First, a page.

Uganda hails China's skilling of gov't officials

by Ronald Ssekandi, Yuan Qing

KAMPALA, Nov. 30 (Xinhua) -- China's training programs of skilling African government officials are critical in improving service delivery that will fast track development on the continent, a senior government official has said.

Geoffrey Turyamhika, assistant Commissioner at Uganda's ministry of finance, told Xinhua in an interview on Tuesday that over time there has been an improvement in service delivery by officials who have attended short courses in China.

He said the exposure they get from China, which fast tracked its development over the last 30 years, is important when applied in the local context.

"Once you have exposed someone to new technologies, skills of doing business, then you expect to see better results. We have seen more commitment from our officers, they are more committed and inclined to work with a result-oriented attitude," Turyamhika said.

He was speaking shortly after a welcome reception of government officials who had returned from China from short trainings in various sectors.

He said Uganda and China this year piloted the first overseas training program where China sent experts to Uganda instead of sending trainees to China.

He said this saves money and many people can benefit from the training.

"Instead of having two participants going to China, we would rather get two technical officers from China to train 30 people here. We are hoping that for the future we would adopt that same methodology to hold more training in Uganda," he said.

Proscovia Nagayi, one of the beneficiaries, said the training course show how China is interested in having Africa develop. Another beneficiary Innocent Mugisha, who trained in Shanghai noted that in order to fast track development, a country must have enough electricity and must be able to produce for its citizens.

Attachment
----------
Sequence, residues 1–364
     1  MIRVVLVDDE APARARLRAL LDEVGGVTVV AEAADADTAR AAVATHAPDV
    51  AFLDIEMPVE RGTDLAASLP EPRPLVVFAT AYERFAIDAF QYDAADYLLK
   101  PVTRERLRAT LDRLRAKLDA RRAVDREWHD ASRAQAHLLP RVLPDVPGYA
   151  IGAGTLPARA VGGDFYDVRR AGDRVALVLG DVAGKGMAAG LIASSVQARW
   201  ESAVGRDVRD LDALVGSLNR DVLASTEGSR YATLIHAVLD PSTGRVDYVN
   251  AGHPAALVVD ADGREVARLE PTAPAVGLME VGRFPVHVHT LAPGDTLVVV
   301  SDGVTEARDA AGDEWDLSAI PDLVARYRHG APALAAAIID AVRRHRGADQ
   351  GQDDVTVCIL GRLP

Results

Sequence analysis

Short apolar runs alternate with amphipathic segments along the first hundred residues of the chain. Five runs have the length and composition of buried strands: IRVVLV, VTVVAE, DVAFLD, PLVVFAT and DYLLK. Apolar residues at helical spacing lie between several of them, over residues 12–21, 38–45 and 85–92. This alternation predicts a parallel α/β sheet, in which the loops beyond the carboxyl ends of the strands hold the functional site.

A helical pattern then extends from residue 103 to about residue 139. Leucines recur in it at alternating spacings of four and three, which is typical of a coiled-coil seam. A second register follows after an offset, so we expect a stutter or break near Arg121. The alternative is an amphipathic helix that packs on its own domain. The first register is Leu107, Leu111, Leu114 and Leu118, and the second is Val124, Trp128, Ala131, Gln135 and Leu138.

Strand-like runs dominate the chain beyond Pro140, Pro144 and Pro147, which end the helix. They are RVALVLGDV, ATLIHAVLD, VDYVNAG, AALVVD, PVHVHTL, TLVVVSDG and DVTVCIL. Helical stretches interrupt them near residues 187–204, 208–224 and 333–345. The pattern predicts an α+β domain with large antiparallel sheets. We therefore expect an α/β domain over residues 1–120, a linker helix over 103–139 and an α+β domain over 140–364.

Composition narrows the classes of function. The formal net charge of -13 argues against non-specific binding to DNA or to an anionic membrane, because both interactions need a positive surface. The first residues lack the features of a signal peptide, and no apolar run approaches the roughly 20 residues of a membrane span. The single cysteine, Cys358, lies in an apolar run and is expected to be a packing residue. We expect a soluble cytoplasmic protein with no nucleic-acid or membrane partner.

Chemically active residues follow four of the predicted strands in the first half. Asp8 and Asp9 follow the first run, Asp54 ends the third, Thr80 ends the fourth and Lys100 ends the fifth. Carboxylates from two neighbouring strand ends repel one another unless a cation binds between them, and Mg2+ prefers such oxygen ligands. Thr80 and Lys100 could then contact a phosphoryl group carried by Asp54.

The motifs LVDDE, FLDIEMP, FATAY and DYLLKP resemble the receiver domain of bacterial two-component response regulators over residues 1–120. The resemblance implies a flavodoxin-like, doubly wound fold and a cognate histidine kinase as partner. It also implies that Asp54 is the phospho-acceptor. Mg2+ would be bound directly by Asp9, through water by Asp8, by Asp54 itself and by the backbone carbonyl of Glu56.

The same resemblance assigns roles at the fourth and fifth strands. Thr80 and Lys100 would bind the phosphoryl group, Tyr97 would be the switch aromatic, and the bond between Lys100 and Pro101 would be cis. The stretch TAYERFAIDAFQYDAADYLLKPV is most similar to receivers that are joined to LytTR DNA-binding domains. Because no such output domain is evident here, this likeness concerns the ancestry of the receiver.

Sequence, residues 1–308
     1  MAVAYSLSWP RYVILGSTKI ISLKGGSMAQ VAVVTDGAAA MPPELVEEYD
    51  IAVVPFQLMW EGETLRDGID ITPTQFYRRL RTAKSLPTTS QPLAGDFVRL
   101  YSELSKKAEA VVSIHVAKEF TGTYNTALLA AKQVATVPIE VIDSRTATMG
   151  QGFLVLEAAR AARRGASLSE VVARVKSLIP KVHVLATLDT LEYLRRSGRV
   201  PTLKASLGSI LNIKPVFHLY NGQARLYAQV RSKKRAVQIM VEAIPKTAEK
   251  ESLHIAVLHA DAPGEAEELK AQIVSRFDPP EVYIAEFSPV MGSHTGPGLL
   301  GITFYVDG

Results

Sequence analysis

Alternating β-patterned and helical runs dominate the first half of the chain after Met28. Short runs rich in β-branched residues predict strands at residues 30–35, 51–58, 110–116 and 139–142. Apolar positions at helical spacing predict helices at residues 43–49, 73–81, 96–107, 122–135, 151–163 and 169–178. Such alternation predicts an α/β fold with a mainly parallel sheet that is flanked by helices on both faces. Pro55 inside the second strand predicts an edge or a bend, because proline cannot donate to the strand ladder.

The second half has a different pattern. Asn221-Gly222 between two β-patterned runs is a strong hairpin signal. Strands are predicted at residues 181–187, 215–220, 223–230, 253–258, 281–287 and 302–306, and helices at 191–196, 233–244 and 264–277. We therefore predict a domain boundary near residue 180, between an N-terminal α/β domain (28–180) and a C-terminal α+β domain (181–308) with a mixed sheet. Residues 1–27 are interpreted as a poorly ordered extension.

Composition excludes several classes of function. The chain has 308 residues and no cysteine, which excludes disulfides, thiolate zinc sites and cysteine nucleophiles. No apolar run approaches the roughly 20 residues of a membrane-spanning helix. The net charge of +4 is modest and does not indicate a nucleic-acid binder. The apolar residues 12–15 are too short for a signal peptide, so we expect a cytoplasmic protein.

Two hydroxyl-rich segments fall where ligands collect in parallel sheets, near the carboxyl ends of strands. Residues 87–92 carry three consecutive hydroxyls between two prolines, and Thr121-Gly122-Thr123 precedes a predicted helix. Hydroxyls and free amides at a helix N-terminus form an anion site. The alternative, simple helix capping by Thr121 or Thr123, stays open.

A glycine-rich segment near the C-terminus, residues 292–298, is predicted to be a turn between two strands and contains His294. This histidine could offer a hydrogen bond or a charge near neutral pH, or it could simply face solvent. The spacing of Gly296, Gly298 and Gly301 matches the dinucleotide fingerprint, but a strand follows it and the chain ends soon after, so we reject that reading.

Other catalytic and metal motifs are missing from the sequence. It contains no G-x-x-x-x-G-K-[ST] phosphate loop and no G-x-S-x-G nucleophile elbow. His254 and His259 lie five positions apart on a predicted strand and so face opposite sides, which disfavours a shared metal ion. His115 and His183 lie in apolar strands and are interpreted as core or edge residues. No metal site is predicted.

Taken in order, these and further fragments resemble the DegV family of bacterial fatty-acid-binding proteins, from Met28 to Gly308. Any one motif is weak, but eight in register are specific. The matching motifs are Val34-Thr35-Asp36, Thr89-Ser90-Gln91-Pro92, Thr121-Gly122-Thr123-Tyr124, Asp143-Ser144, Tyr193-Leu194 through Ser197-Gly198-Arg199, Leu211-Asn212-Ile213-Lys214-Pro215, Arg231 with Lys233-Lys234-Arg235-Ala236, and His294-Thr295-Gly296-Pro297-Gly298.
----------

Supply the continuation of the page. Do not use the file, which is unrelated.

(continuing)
Every year Uganda sends over 300 government officials to attend short training courses in China ranging from finance, agriculture, education, health among others.

Zhao Xiufen, Economic and Commercial Counselor of the Chinese Embassy who hosted the event, said the trainings signify a deepening bond between the two countries, noting that since the 1950s, nearly 3,000 Ugandans have trained in China through different kinds of seminars.

"I hope that all the participants shall play a more important role in the future and make more contributions to the economic cooperation between China and Uganda," she said.

She said the trade volume between China and Uganda has kept increasing and reached 641 million U.S. dollars last year. China is now Uganda's third major trading partner and the second major source of imports.

"Until now, Chinese companies have totally invested about 4 billion dollars in Uganda. In terms of foreign direct investment, China now ranks number one in Uganda," she added.

China is currently undertaking major transport and energy infrastructure projects in the country.

The training programs are part of the 10 major plans announced by Chinese President Xi Jinpinglast year to boost cooperation between China and Africa over the next three years.

Xi, in a keynote speech at the opening ceremony of the second summit of the Forum on China-Africa Cooperation (FOCAC), said China will establish a number of regional vocational education centers and several capacity-building colleges for Africa, train 200,000 technicians for African countries, and provide the continent with 40,000 training opportunities in China.

China will also offer African students 2,000 education opportunities with degrees or diplomas and 30,000 government scholarships. The country will also every year invite 200 African scholars to visit, 500 African youths to study and train 1,000 media professionals from Africa.

[ Editor: 刘家铭 ]
 

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